The Toyologist: Loving low-tech

This week Peter Jenkinson wonders whether kids are over-indulging in digital.
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My love affair with digital began back in the dot com boom (and bust) of the late nineties.

Back then, standard internet was my only mistress. Now I’m polygamous and my has to share me with my smartphone and apps, social media, video games and many others.

But oh, my multiple digital sweethearts. I have a confession to make: I cheated on you last weekend.

Who is she? Well, she is quite old, but has lost none of her appeal. In fact, I actually think she is going to become a pin-up this year – It’s Ms. Low Tech, and what great shape she’s in.

(Thanks for suffering that bout of clichés, they’re all over now.)

This fascination with more basic pursuits occurred during the annual pilgrimage to my hometown, Blackpool.

Although I have to be constantly ‘connected’ to make a living, I decided to spend the Easter long weekend offline.

I think I forced it upon myself because I had some romantic notion of seeing my kids, nieces and nephews enjoy a weekend similar to the ones I remembered. By that I mean minus Nintendo and iPhone and big on bucket and spade action.

The small people love Strictly on the gogglebox, so our first stop was the Tower Ballroom, where none of them were in awe of the amazing Victorian architecture or the Wurlitzer appearing from inside the stage - however they did engage with a bunch of other kids in game of hide and seek as I sat, entertained by their wholesome, simple japery.

Don’t get me wrong, I haven’t turned into a luddite overnight. I do want my kids to embrace digital, but I’d like to see young ‘uns be put on a balanced play diet because the digital over-indulgence of some small people is spiralling out of control.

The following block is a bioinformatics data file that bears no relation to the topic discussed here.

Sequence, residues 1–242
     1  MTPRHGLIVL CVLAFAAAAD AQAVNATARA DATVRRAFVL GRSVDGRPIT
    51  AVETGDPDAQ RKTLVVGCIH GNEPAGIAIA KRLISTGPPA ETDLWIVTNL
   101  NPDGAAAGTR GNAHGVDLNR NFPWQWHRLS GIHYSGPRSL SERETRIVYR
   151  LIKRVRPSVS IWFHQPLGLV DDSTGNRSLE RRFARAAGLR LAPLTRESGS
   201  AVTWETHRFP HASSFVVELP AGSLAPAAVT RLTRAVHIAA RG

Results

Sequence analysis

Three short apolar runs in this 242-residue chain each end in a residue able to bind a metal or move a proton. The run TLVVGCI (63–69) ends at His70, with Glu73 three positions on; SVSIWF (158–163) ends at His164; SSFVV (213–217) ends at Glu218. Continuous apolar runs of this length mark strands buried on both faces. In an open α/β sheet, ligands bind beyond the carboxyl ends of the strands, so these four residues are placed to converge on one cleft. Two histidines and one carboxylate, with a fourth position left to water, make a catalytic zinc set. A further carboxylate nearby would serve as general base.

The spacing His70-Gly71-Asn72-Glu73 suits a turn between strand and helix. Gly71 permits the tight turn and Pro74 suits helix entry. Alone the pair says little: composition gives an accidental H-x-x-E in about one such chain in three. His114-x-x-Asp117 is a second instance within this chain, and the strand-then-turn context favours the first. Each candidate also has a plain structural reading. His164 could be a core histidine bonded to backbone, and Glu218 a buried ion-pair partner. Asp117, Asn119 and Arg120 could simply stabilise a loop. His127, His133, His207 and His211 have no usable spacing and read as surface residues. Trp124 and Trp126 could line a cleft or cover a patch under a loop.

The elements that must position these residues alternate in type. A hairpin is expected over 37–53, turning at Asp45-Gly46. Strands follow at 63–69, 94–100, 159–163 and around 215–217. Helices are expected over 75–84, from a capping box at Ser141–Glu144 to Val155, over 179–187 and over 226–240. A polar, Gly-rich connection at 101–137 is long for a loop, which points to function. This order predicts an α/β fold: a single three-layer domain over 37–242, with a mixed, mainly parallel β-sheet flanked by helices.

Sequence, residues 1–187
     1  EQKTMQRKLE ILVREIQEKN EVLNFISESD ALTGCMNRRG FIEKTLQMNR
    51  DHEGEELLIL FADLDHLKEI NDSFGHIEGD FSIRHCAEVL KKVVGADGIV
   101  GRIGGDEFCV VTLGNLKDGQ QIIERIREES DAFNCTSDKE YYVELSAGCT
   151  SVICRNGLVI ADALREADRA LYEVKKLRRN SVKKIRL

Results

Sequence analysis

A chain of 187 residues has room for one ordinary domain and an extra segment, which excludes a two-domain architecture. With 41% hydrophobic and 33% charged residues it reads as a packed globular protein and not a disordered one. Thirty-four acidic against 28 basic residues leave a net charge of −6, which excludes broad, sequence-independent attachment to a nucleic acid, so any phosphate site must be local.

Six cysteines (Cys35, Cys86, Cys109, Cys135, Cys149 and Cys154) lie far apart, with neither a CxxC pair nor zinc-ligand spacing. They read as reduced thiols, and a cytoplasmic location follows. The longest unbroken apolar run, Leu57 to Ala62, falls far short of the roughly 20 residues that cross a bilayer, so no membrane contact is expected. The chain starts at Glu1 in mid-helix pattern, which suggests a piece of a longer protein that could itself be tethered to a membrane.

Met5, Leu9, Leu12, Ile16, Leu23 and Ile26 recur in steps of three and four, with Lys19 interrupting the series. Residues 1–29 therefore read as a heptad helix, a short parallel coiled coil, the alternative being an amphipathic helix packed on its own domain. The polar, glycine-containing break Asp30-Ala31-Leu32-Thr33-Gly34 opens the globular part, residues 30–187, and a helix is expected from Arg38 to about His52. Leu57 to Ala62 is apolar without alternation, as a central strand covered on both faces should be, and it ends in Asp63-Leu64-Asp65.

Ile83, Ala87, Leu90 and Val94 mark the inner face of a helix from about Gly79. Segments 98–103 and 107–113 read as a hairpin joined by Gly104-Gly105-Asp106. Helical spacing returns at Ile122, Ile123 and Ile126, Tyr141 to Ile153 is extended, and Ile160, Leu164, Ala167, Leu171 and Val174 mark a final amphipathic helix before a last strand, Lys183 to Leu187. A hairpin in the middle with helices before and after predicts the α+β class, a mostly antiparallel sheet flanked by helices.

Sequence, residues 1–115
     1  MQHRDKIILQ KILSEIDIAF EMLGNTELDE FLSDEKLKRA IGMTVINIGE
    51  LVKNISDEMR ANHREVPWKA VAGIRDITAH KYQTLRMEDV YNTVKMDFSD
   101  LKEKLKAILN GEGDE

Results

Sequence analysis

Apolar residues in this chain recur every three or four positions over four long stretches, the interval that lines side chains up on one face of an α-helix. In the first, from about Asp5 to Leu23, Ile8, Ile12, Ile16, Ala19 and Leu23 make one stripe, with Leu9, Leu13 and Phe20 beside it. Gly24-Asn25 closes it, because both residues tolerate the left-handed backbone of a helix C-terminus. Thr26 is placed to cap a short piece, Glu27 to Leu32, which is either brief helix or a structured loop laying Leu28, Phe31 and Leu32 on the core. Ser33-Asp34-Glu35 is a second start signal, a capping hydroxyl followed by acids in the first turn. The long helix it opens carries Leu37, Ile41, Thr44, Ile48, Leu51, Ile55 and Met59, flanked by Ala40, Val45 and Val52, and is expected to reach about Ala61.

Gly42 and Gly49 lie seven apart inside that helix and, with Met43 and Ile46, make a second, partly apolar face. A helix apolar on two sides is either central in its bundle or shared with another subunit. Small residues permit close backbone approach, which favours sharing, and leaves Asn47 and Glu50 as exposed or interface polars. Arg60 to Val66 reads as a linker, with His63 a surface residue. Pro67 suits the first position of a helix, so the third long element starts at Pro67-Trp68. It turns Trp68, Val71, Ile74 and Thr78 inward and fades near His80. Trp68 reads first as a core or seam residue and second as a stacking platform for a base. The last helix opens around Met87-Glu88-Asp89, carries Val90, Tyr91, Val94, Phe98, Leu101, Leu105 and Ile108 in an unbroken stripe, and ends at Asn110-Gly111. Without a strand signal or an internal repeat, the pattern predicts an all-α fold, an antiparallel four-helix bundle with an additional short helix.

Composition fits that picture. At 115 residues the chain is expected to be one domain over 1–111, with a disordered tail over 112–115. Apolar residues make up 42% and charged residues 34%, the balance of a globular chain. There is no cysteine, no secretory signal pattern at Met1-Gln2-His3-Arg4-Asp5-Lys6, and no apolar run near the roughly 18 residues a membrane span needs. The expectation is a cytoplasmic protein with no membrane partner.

Are the parents to blame? I’m in a privileged position parenting wise, I can combine the school run with my work schedule, even if it does mean some very late nights and extra early mornings. But when I can’t entertain them at home, I do call upon the latest digital baby sitter - it’s an easy fix.

The next day we visited Zippo’s Ccircus, the ringmaster, Norman Barrett, the same chap who presided over proceedings when I was a kid. He doesn’t seem to have changed a bit but the circus has altered dramatically.

With no wild animals allowed, the clowns, jugglers, trapeze artists and strongmen really have to pull their weight. And my children, aged two and nine, sat absolutely mesmerized.

Back at home, later that evening, the youngest – probably for the first time in two years – didn’t ask to play Pixie Hollow on her computer, Mario on the DS or Skylanders on the Wii the minute she got through the door.

Instead she dug out some old tennis balls and attempted to juggle. She also declared she wants lessons.

It was a fitting end to a few days free of tech-toys and good old fashioned parenting (playing) felt good for me too.

I just hope she doesn’t want to run off and join the circus anytime soon. There’s way too much play to be rediscovered.

Peter Jenkinson is the CEO and founder of


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